Rate and Mass of Surplus-Value

In this chapter, as hitherto, the value of labour-power, and therefore the part of the workingday necessary for the reproduction or maintenance of that labour-power, are supposed to be given, constant magnitudes.

 This premised, with the rate, the mass is at the same time given of the surplusvalue that the individual labourer furnishes to the capitalist in a definite period of time. If, e.g., the necessary labour amounts to 6 hours daily, expressed in a quantum of gold = 3 shillings, then 3s. is the daily value of one labour- power or the value of the capital advanced in the buying of one labour-power. If, further, the rate of surplusvalue be = 100%, this variable capital of 3s. produces a mass of surplusvalue of 3s., or the labourer supplies daily a mass of surpluslabour equal to 6 hours.

 But the variable capital of a capitalist is the expression in money of the total value of all the labour-powers that he employs simultaneously. Its value is, therefore, equal to the average value of one labour-power, multiplied by the number of labour-powers employed. With a given value of labour-power, therefore, the magnitude of the variable capital varies directly as the number of labourers employed simultaneously. If the daily value of one labour-power = 3s., then a capital of 300s. must be advanced in order to exploit daily 100 labour-powers, of n times 3s., in order to exploit daily n labour-powers.

 In the same way, if a variable capital of 3s., being the daily value of one labour-power, produce a daily surplusvalue of 3s., a variable capital of 300s. will produce a daily surplusvalue of 300s., and one of n times 3s. a daily surplusvalue of n x 3s. The mass of the surplusvalue produced is therefore equal to the surplusvalue which the workingday of one labourer supplies multiplied by the number of labourers employed. But as further the mass of surplusvalue which a single labourer produces, the value of labour- power being given, is determined by the rate of the surplusvalue, this law follows: the mass of the surplusvalue produced is equal to the amount of the variable capital advanced, multiplied by the rate of surplusvalue, in other words: it is determined by the compound ratio between the number of labour-powers exploited simultaneously by the same capitalist and the degree of exploitation of each individual labour-power.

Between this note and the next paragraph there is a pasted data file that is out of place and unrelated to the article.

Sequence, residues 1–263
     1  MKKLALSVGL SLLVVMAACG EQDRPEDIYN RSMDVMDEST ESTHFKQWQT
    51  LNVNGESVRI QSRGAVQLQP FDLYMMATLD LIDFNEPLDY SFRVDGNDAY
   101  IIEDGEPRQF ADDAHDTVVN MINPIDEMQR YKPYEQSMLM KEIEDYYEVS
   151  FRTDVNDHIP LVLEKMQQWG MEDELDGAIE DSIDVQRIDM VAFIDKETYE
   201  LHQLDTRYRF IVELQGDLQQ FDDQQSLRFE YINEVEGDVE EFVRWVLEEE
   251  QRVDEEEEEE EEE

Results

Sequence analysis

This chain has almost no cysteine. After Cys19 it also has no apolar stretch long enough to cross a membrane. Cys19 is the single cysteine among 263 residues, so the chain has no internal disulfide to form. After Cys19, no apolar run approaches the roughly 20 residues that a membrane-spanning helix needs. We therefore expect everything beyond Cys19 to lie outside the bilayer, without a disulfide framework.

Let the mass of the surplusvalue be S, the surplusvalue supplied by the individual labourer in the average day s the variable capital daily advanced in the purchase of one individual labour-power v, the sum total of the variable capital V, the value of an average labour-power P, its degree of exploitation


a' (surplus-labour)
   a (necessary-labour)

and the number of labourers employed n; we have:


/  s
      | —- x V
      |  v
 S =  |
      |        a'
      |  P  x —- x n.

It is always supposed, not only that the value of an average labour-power is constant, but that the labourers employed by a capitalist are reduced to average labourers. There are exceptional cases in which the surplusvalue produced does not increase in proportion to the number of labourers exploited, but then the value of the labour-power does not remain constant.

 In the production of a definite mass of surplusvalue, therefore the decrease of one factor may be compensated by the increase of the other. If the variable capital diminishes, and at the same time the rate of surplusvalue increases in the same ratio, the mass of surplusvalue produced remains unaltered. If on our earlier assumption the capitalist must advance 300s., in order to exploit 100 labourers a day, and if the rate of surplusvalue amounts to 50%, this variable capital of 300s. yields a surplusvalue of 150s. or of 100 x 3 workinghours. If the rate of surplusvalue doubles, or the workingday, instead of being extended from 6 to 9, is extended from 6 to 12 hours and at the same time variable capital is lessened by half, and reduced to 150s., it yields also a surplus-value of 150s. or 50 x 6 workinghours. Diminution of the variable capital may therefore be compensated by a proportionate rise in the degree of exploitation of labour- power, or the decrease in the number of the labourers employed by a proportionate extension of the workingday. Within certain limits therefore the supply of labour exploitable by capital is independent of the supply of labourers.1 On the contrary, a fall in the rate of surplusvalue leaves unaltered the mass of

  By PanEris using Melati.

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